Religion, in whatever form, is about a particular idea of Ultimate Reality. Religious people gather in sacred places all around the world to worship their understanding of Absolute Truth. It does not matter to any of them that the Absolute is depicted in contradictory and competing ways by other groups that are similarly gathered. It is said that just as light is reflected in a thousand different facets of a single diamond, so the Absolute is reflected in the eyes, and ways, of those who worship the Absolute. We hear: “There are many paths, but one journey.” And: “There are many trails up the mountain, but it is one mountain that they all traverse.” The one thing that all religions agree on is the idea of One Absolute Unchanging Eternal Truth. Ultimate Reality is ONE. We are all finding our way to The One, and we all will be incorporated into The Great Oneness, out of which we come and to which we return.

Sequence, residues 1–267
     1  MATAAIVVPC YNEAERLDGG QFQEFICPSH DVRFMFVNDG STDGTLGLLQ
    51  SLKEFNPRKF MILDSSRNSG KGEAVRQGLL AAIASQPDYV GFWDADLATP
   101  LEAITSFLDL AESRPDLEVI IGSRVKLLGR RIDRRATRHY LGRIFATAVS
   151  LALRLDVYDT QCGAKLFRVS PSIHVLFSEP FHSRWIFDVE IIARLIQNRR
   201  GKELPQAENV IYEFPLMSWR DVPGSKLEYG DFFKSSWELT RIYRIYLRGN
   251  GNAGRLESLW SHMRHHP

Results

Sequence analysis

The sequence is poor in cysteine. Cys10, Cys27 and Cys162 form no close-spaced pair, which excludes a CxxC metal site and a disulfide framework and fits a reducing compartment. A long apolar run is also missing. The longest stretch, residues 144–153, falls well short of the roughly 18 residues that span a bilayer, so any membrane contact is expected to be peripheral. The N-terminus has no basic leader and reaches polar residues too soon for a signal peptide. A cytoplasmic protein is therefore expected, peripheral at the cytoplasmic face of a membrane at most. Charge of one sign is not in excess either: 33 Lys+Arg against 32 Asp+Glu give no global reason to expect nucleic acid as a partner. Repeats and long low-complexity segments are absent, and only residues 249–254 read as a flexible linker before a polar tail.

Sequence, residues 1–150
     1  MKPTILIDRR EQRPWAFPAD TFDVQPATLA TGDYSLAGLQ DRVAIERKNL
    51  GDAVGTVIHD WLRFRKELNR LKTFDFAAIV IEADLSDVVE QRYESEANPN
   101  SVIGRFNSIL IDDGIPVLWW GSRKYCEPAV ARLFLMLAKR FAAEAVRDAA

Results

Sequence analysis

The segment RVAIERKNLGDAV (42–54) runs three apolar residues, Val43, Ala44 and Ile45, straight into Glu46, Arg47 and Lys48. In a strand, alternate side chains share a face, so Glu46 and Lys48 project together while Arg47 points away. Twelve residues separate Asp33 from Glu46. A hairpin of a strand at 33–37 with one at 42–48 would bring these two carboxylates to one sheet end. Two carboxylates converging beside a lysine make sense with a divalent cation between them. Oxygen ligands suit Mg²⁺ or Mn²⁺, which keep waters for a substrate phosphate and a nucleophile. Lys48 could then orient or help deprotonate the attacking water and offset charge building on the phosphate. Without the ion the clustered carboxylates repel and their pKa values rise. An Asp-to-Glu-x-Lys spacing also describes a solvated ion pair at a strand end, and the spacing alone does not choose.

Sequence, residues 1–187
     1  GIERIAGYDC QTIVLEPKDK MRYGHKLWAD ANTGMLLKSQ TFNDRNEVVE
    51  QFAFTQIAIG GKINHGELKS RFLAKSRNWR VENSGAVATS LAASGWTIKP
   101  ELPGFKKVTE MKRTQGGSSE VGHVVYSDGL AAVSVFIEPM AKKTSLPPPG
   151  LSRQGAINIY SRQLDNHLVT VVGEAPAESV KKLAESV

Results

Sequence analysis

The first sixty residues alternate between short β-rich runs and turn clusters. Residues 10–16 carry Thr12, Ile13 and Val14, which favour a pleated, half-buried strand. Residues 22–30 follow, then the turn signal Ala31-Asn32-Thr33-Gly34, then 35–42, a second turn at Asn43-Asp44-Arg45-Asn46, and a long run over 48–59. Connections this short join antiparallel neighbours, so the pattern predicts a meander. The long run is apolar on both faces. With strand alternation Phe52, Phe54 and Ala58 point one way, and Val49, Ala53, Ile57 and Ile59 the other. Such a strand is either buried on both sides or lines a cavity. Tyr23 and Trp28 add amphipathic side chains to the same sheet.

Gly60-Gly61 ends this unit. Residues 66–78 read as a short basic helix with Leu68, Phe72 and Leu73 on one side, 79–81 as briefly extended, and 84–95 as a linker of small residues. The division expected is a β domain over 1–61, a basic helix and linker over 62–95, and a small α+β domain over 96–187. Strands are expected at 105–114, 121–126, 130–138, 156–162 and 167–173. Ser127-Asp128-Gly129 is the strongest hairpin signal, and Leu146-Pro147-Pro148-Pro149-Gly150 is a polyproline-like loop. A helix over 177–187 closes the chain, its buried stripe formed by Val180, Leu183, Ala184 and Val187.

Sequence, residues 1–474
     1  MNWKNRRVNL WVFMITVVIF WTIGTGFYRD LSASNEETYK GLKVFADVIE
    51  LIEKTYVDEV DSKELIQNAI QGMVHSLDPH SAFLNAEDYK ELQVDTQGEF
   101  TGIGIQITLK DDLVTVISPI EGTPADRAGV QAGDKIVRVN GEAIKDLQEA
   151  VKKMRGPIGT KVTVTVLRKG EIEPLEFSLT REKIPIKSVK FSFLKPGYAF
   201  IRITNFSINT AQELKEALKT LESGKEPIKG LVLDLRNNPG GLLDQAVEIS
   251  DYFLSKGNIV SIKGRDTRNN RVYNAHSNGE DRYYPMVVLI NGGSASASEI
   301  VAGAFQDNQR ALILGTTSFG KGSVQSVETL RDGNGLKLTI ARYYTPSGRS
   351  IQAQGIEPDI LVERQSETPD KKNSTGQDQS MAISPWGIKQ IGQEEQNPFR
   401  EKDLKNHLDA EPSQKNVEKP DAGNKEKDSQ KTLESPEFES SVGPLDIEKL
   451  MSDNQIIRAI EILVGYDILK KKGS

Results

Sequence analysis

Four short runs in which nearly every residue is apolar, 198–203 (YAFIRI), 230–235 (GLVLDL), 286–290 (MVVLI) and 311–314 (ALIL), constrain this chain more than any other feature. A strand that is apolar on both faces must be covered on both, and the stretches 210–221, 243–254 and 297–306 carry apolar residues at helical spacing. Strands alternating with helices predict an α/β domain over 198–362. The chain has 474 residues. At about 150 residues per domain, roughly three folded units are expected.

Well. It’s an interesting theory. But, how do we know? Who says so? What makes us think there is “one mountain”? Why do we say (again and again), “Many paths, one journey”? For all we know, there are many paths, many journeys. We say things we would like to be so, but we have no way of knowing if the things we say are, in fact, so. In the end, we just have to “take it on faith,” don’t we? And, whenever we are asked, or told, to “Take something on faith,” it means that we are being asked, or told, to take someone else’s word for it. We are being asked, or told, to believe something that someone else thinks is so. We “take it on faith,” because there is no way of knowing if it is so, and we don’t want to worry about it any longer.
Of course, there is the claim of Enlightenment, or Special Revelation, wherein certain individuals are said to have seen into the heart of Ultimate Reality, embraced the Oneness of which they speak, and have remained with us to tell us how it is. Never mind that their versions of the Absolute are all different. It’s back to the diamond metaphor and the fact that Ultimate Reality is too much to be contained in one—or even two—descriptions, or explanations. In the end, we have to “take it on faith” that the claims of the Enlightened Ones are accurate depictions of Ultimate Truth—and believe as we are told.